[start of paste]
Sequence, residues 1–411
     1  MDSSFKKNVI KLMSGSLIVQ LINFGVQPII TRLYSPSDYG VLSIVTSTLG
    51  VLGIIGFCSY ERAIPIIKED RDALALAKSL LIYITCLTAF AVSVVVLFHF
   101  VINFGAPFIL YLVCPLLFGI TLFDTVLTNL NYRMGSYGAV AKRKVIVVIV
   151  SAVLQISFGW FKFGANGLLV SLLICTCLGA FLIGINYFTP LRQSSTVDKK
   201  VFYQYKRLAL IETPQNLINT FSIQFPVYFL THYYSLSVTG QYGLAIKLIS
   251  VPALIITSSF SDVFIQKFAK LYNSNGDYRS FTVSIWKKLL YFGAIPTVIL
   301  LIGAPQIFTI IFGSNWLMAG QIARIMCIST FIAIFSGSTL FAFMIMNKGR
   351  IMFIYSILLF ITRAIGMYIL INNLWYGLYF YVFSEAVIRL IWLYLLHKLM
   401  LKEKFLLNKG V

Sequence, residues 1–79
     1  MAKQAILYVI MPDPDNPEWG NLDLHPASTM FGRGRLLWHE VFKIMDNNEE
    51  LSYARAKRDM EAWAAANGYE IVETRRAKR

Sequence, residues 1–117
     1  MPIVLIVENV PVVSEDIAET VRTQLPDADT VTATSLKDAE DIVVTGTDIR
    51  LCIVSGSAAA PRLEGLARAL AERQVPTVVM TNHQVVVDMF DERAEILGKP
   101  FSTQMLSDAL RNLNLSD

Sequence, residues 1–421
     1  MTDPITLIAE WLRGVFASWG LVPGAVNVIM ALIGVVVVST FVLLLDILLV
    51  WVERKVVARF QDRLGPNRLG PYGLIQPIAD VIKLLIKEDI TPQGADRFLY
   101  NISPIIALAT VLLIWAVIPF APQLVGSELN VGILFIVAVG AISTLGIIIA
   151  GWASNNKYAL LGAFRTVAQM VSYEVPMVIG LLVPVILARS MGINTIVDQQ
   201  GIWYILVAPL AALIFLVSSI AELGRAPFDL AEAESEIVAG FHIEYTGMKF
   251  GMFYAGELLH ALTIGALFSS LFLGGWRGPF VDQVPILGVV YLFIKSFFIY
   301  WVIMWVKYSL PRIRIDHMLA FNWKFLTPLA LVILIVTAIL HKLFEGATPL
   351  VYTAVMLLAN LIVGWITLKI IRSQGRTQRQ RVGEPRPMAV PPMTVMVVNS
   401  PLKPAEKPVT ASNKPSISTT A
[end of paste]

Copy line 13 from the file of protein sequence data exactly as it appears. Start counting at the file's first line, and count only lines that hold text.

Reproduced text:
    51  LSYARAKRDM EAWAAANGYE IVETRRAKR